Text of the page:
Goon is, like its protagonist, gloriously stupid. It’s very much a case of Zoolander on ice. Ice hockey, that is – not that there’s much hockey involved. This is sport, American style: it comes with an extra helping of mindless intoxicating violence.
Doug (Scott) is stupid. Really stupid. And he knows it. It doesn’t bother him that he’s stupid, just that he doesn’t have a "thing". "You’ve got your thing," he says sadly to his gay, bitchy, filthy-mouthed, sport-show-presenter best friend. "What’s my thing?"
Redemption comes in the form of a homophobic verbal attack at a hockey game. Ignorant spectator unsatisfied by a player’s performance makes loud and aggressive insinuations about said player’s sexuality. (Possibly: "You fucking homo"). Doug gets involved: "Hey," he says, "my brother’s gay." (A lot of people close to him are gay. Stupid and gay: it’s an equal opportunities movie.) Fight ensues. Angry spectator gets a spectacular fist in the face. Hockey coach is watching. Doug enlisted to team. Doug is happy.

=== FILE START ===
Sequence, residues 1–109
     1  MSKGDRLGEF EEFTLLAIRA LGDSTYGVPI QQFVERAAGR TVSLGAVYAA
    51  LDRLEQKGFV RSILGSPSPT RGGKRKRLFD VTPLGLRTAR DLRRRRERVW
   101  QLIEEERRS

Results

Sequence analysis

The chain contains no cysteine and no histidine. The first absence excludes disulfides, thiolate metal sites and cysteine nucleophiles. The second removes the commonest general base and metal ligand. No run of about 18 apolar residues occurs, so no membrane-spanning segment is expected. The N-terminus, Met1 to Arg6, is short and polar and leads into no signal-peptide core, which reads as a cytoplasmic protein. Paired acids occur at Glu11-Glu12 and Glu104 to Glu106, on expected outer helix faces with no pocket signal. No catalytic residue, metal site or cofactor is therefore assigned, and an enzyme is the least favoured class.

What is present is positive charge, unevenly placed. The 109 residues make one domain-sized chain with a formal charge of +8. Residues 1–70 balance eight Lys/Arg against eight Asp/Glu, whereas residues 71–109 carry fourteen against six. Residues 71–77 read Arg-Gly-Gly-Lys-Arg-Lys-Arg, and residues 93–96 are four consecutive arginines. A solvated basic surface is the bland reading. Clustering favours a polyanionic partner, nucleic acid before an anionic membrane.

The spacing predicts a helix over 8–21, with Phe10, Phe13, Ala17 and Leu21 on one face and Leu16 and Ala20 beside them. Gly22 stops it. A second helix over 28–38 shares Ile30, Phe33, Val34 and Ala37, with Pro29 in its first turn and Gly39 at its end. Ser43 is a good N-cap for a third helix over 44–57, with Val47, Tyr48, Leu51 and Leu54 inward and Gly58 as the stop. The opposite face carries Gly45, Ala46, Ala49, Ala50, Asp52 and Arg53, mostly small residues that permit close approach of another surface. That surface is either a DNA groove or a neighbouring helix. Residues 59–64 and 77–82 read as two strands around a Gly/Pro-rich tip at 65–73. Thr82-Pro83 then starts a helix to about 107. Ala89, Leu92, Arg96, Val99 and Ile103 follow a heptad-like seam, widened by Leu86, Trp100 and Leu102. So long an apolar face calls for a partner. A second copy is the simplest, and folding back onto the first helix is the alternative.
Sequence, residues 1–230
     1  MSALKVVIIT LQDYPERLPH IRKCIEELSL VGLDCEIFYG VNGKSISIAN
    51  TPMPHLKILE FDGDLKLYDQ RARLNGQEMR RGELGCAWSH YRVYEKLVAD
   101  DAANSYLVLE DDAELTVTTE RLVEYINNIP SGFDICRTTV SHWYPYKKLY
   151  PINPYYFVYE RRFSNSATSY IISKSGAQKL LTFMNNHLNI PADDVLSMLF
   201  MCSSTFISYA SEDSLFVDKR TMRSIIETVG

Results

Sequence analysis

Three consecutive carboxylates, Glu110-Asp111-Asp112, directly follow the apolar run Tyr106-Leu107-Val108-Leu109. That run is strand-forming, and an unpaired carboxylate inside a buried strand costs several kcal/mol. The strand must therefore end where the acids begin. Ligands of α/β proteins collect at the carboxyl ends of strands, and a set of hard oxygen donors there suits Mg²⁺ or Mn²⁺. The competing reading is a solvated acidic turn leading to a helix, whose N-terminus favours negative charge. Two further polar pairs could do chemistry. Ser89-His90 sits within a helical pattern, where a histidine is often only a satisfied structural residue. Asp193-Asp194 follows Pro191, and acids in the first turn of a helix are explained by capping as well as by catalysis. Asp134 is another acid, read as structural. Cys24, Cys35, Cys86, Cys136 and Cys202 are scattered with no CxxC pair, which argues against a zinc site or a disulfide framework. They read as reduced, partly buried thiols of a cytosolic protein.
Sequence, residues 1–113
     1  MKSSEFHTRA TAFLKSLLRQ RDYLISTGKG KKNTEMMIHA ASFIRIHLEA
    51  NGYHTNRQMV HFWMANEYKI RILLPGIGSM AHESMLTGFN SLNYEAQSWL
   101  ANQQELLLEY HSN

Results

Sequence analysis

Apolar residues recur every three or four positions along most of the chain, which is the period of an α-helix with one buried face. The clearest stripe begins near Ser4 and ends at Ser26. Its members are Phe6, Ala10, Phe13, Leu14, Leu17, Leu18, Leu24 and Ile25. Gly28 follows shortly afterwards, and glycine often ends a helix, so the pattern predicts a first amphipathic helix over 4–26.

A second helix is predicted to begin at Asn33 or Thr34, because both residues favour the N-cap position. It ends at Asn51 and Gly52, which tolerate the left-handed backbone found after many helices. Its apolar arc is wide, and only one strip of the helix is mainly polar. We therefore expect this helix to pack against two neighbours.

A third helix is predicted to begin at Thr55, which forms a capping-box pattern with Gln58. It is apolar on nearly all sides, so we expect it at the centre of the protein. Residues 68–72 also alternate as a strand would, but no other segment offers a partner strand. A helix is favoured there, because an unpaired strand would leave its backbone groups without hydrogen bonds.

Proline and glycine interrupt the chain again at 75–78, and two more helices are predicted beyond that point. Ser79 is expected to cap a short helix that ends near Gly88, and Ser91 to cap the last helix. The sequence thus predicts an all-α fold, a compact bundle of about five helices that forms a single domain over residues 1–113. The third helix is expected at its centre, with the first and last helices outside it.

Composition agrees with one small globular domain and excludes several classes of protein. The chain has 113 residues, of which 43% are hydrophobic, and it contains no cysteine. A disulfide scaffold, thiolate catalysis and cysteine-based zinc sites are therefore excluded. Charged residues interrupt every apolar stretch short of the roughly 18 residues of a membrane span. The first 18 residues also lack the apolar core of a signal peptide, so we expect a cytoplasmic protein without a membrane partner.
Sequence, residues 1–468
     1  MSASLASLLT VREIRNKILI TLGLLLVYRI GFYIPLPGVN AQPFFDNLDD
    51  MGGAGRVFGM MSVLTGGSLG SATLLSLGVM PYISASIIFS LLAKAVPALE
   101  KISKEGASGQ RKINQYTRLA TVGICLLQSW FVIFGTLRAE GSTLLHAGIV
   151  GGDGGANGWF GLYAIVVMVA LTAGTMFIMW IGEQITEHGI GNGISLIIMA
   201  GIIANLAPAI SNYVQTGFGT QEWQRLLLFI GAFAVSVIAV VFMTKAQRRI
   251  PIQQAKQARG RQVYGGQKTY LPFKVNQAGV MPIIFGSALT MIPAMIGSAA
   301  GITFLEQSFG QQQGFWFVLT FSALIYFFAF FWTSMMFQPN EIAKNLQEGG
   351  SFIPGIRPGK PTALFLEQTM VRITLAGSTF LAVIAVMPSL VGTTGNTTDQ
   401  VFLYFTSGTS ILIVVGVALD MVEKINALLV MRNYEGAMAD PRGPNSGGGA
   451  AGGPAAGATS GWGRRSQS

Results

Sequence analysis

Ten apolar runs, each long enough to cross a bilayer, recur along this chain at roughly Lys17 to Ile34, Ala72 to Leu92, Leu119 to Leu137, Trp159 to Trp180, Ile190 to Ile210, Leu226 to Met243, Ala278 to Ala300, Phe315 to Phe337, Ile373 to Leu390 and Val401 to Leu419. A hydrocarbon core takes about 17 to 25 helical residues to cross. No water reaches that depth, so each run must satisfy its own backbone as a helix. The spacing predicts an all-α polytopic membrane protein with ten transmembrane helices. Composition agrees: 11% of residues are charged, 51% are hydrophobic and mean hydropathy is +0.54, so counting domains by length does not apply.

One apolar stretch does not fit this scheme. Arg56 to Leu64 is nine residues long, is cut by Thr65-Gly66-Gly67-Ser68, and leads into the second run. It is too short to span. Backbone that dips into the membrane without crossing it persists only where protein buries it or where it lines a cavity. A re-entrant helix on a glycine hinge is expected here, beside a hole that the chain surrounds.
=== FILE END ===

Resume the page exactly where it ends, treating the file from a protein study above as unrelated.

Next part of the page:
Like the Harry Potter Beaters with their bludgers, Goons are not there to play the sport: they’re there to rough people up. And if there’s one thing Doug can do, it’s punch. Problem is, he’s the proverbial Nice Guy – purveyor of violence but never viciousness. Protecting a team that increasingly shows itself to be a splintered and spiteful organisation causes him to have Some Issues.
This is screenwriting narrative at its barebones best: there’s the opponent, who must be vanquished; there’s the girl; there’s the opponent turned ally; there’s the Goal, the Obstacle, and the Showdown. Don’t let the formulaic predictability of it put you off – this film can certainly pull its punches. Whether it’s being brutally funny or just brutal, it provokes a visceral response – much like Doug’s right hook. And, like its star player, it’s got a heart of gold.
It also features an unparalleled amount of expletives. And some shagging. Fucks, fists and hockey sticks: what’s not to like?